What was the main idea of the novel, The Secret Garden by Frances Hodgson Burnett?

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  • Anonymous
    9 years ago
    Favorite Answer

    Mary Lennox, a 10-year-old girl, is born in India to rich United Kingdom parents. She is unwanted by her mother and taken care of primarily by servants, who pacify her as much as possible to keep her out of the way. Spoiled with a temper, she is unaffectionate, angry, rude and obstinate. A cholera breakout in the manor kills her parents and many servants. She is discovered alone but alive after the house is abandoned. She is sent to England to live with her uncle, Archibald Craven.

    At first, Mary is her usual self, sour, disliking the large house, the people within it, and most of all the vast stretch of moor, which seems scrubby and gray after the winter. She is told that she must stay to her two rooms and that nobody will bother much with her and she must amuse herself. Martha Sowerby, her good-natured maidservant, tells Mary a story of the late Mrs. Craven, and how she would spend hours in a private garden growing roses; an untimely accident kills her, and Mr. Craven has the garden locked and the key buried. Mary is roused by this story and starts to soften her ill manner despite herself. Soon she begins to lose her disposition and gradually comes to enjoy the company of Martha, Ben Weatherstaff the gardener, and also that of a friendly robin redbreast to whom she attaches human qualities. Her appetite increases and she finds herself getting stronger as she plays by herself on the moor. Martha's mother buys Mary a skipping rope in order to expedite this, and she takes to it immediately. Mary's time is occupied by wondering about the secret garden and a strange crying that can sometimes be heard around the house which the servants ignore or deny.

    While exploring the gardens, Mary comes across a badger hole and finds a key belonging to a garden nobody has tended to for over ten years. She chances to ask the housekeeper (Martha) for garden tools, which Martha has delivered by Dickon, her twelve-year-old brother. Mary and Dickon take a liking to each other, as Dickon has a soft way with animals and a good nature. Eager to absorb his gardening knowledge, she reluctantly lets him into the secret of the garden, which he agrees to keep.

    That night, Mary hears the crying again. She follows the noise and to her surprise finds a small boy her age, living in a hidden bedroom. They discover they are cousins: he is the son of her uncle; his mother died in childbirth, and he suffers from an unspecified problem with his spine. Mary visits every day that week, distracting him from his troubles with stories of the moor, of Dickon and his animals and of the garden. It is decided he needs fresh air and the secret garden, which Mary finally admits she has access to. Colin is put into his wheelchair and brought outside into the garden, the first time he's been outdoors in years.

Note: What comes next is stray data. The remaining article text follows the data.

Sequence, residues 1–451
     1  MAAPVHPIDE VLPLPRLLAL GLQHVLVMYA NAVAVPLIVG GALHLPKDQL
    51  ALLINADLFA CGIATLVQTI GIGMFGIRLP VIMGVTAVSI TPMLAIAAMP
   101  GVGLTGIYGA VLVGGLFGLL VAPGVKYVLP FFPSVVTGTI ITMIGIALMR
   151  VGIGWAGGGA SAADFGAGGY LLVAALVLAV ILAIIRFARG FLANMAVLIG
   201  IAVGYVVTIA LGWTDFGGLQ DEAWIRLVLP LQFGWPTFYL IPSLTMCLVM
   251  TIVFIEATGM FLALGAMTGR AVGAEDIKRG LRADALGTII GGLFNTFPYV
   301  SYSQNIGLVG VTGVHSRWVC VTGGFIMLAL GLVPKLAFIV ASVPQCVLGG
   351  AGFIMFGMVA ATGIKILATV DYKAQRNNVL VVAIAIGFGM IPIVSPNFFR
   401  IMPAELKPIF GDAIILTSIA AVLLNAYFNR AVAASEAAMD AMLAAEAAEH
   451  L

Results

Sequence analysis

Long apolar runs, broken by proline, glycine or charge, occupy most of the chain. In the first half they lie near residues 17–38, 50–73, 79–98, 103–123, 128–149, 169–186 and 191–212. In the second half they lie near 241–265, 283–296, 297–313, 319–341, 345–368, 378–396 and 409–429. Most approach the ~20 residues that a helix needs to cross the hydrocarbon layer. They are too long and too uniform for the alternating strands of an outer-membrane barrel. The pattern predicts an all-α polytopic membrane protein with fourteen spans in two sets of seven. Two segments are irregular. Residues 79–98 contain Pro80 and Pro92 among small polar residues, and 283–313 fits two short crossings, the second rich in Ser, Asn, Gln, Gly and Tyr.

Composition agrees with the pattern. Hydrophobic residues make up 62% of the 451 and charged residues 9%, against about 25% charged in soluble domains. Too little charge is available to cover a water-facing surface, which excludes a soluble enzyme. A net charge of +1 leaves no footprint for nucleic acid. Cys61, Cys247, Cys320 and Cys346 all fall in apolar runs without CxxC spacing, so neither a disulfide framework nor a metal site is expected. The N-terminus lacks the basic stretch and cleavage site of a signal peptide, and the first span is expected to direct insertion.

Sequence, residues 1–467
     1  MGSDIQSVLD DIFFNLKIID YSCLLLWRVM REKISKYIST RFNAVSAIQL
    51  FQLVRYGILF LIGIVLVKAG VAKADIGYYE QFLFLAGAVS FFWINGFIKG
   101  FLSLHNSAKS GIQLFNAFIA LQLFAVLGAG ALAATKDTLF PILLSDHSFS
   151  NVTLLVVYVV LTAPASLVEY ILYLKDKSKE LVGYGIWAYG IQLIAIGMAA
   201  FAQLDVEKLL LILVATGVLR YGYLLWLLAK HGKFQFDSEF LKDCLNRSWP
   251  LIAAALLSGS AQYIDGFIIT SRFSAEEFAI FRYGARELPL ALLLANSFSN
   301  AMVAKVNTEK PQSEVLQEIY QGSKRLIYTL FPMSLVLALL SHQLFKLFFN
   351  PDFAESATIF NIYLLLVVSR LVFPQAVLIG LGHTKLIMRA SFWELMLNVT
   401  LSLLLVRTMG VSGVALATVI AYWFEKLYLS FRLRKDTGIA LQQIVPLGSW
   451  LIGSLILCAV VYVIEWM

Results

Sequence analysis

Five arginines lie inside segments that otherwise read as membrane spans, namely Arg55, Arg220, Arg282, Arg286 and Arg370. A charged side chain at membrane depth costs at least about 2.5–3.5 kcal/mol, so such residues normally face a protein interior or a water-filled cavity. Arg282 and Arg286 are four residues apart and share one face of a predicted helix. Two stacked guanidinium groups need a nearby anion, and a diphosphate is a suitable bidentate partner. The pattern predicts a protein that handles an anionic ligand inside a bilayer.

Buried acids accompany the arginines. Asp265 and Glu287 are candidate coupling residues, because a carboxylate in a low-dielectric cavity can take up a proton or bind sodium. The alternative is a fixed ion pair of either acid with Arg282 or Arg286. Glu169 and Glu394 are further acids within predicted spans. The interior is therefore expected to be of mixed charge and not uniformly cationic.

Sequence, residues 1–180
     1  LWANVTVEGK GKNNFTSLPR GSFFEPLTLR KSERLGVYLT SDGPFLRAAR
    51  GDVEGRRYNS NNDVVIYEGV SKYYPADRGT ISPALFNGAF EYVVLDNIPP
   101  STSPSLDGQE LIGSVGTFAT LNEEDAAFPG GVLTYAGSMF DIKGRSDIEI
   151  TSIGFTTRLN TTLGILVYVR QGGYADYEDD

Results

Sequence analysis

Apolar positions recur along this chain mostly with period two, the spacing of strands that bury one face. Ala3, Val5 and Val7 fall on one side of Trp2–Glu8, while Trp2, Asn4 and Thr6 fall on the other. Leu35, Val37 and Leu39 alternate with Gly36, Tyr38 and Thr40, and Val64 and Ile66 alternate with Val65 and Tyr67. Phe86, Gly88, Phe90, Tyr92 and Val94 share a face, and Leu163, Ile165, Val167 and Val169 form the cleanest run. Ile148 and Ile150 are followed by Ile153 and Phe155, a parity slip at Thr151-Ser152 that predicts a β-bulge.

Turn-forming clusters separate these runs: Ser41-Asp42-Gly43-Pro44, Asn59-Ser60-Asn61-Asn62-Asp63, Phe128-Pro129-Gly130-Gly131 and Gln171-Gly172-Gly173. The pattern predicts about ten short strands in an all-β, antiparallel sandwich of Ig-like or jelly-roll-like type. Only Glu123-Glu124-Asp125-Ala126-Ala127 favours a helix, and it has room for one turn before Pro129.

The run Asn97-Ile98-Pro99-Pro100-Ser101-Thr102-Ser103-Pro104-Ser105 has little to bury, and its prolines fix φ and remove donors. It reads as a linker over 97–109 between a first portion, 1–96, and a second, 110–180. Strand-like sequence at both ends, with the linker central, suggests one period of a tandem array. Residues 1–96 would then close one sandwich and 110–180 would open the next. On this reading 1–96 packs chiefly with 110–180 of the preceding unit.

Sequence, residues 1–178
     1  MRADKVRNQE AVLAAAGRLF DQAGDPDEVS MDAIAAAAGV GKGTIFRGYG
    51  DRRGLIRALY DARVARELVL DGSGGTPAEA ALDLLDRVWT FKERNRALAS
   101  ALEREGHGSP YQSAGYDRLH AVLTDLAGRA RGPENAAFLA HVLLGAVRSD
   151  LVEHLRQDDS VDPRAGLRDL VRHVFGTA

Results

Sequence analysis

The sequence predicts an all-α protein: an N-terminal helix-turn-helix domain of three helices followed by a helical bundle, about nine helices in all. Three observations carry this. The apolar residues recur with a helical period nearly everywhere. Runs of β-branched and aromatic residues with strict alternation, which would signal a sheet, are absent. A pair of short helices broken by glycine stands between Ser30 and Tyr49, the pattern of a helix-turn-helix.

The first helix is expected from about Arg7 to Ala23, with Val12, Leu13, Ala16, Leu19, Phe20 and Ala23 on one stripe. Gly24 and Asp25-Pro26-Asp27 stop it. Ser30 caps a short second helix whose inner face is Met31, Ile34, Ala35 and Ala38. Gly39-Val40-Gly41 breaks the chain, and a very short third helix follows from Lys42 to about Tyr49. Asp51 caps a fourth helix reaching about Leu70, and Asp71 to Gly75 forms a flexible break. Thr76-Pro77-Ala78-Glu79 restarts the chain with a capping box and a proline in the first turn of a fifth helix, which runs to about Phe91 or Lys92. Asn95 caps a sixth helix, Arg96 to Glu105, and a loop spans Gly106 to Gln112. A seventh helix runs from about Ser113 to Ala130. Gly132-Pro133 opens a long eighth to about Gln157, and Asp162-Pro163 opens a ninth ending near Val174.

While in the garden, the children are surprised to see Ben Weatherstaff looking over the wall on a ladder. Startled and angry to find the children there in his late mistress' (Colin's mother's) garden he admits he believed Colin to be a cripple. Colin stands out of his chair to prove him wrong and finds that his legs are fine, though weak from disuse.

    Colin spends every day in the garden, becoming stronger. The children conspire to keep Colin's health a secret so he can surprise his father, who traveling and mourning over his late wife. As Colin's health improves, his father's mood does as well, and he has a dream of his wife calling him into the garden that makes him immediately pack his bags and head home. He walks the outer wall in memory but hears voices inside, finds the door unlocked and is shocked to not only see the garden in full bloom with children in it, but his son running. The servants watch as Mr. Craven walks back to the manor, and all are stunned that Colin runs beside him.

    Themes:

    The garden is the book's central symbol, inspired by Burnett's interest in Mary Baker Eddy's Christian Science theories.The secret garden at Misselthwaite Manor is the site of both the near-destruction and the subsequent regeneration of a family. Using the garden motif, Burnett explores the healing power inherent in living things.

    Maytham Hall in Kent, England, where Burnett lived for a number of years during her marriage is often cited as the inspiration for the book's setting.Burnett kept an extensive garden, including an impressive rose garden. However, it has been noted that besides the garden, Maytham Hall and Misselthwaite Manor are physically very different.

  • Anonymous
    5 years ago

    Mary was living in India when her parents died. She was taken to England to live with her uncle who had a garden that was locked because his wife died there. Mary discovered who she was in the garden and brought it and the boy back to life.

  • Anonymous
    4 years ago

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  • 9 years ago

    To make money. What do you mean - what is the plot/what are the themes? You need to be more specific.

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